Grahams sweeten Newnan at Let Them Eat Toffee
by Bradley Hartsell
Relocating is intimidating, and one would understand the apprehension involved with making a splash in a new place.
But the Grahams, Kerry and Phyllis, didn't feel that way when they came from Tallahassee looking to open a toffee shop. They dove in headfirst, moving to Newnan in May 2009 and opening Let Them Eat Toffee a month later, not to mention competing in the spring of 2009's Taste of Newnan and joining various town committees.
The Grahams left Tallahassee searching for a place for Kerry's elderly parents and a place to open a shop. They looked in North Georgia and North Carolina - and other 'more touristy areas,' according to Kerry - but couldn't find a place that suited his parents.
When they accidentally exited onto Bullsboro on the way to Serenbe, they happened upon Wesley Woods, a fitting home for his parents, and a spot in downtown Newnan that would become their toffee and confection shop.
'We stumbled onto this shop that just looked like a chocolate shop to us,' Kerry says. 'It all just sort of fell into place after things just kept happening to facilitate the move.'
'Things start happening and you don't necessarily have control over it. [Life] is just leading you somewhere and you just go with the flow.'
In the four years since opening, LTET has built a loyal following in the community. On this particular morning, a woman named Theresa pokes her head in the door before the shop even opens just to say hi to Kerry and Phyllis. She delightfully shrieks when Phyllis tells her Kerry has been drinking 'that cornsilk tea.' It's an illuminating look into what being a local shop in downtown Newnan is all about.
For their part, the Grahams have embraced local touchstones. They sell 'Fig Newnans,' 'Courthouse Squares' and 'Horse Pucky,' named after the painted horses on the square. When they talk about downtown, it's not all about the bottom line or how they can increase their foot traffic. They have a genuine interest in seeing the downtown as a whole thrive and become more self-sufficient. They envision a market where people can shop downtown for groceries. They were glad to see the two-hour parking rule abolished because of its adverse musical chairs-like effect on patrons and their cars. One gets the sense the Grahams primary focus is on hand making great toffee, first and foremost, but the greater good of downtown Newnan is an admirable second.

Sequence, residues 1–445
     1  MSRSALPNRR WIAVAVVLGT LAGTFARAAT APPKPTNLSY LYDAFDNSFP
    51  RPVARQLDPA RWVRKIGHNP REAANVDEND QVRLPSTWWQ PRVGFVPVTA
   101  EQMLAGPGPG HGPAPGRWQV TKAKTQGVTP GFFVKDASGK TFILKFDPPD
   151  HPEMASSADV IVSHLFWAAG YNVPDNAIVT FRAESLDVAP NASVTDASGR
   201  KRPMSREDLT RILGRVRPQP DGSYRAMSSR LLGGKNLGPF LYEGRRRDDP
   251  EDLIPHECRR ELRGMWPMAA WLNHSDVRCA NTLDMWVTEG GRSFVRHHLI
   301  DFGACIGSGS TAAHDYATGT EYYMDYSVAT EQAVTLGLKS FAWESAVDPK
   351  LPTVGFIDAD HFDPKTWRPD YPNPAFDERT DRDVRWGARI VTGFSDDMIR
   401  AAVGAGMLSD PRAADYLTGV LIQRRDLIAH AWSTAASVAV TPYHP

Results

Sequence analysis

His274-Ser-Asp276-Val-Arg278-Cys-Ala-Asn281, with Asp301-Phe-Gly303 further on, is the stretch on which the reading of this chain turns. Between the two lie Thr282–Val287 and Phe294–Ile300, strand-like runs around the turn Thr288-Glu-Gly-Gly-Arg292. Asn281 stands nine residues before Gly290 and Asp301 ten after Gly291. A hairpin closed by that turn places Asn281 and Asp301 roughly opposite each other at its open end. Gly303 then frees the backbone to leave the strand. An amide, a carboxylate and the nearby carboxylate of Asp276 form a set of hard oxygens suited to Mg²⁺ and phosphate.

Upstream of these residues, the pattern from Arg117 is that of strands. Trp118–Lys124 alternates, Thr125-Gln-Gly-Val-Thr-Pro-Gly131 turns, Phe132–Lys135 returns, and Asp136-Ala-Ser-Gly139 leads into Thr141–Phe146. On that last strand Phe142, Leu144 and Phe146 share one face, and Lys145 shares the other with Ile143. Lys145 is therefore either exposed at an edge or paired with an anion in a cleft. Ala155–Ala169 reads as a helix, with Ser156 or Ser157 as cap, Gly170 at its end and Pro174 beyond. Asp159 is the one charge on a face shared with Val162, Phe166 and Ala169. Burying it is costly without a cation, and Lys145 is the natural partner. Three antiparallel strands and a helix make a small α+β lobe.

'I think things do kind of ebb and flow,' says Phyllis of not only the local economy, but the global one. 'You can't help think globally because we've got the world at our fingertips, but what really makes a difference in community is relationships. When somebody walks in the door, they really want to know how you're doing.'
'That's the best part of this business, for us, is the people we meet,' interjects Kerry. 'It's incredible how, from the moment we got here, people are always interested in how we got here and why we came here. It's less of them talking about themselves and more wanting to know about us.'
Let Them Eat Toffee has fashioned itself into a sweets and gift shop, with cozy decor and shirts, cards and nick-nacks on the wall. Kerry is the toffee artist, making almost everything the shop sells himself, like their signature Georgia pecan toffee, which was a finalist for the Flavor of Georgia contest in 2010.
'People ask 'well, do you make it yourself?' and we can say 'yes,'' barring a few items, like the King of Pops, an all-natural fruit pop LTHT partnered with.
Let Them Eat Toffee focuses on all-natural ingredients, something Phyllis especially takes pride in as she's on the New Leaf Community Garden, a group promoting local nutrition and sustainability through gardening. There's a well-roundedness to the Grahams that gives off the feeling of security and selfawareness, admirable traits with the tough realities of small business.
It's striking how in just a short amount of time, the Grahams manage to convey the right mixture of pride, community, awareness and gratitude. It's a reassuring blend that doesn't happen by accident. It's a blend that's very fitting for a duo who understand the delicacy of making great toffee and forging lasting relationships.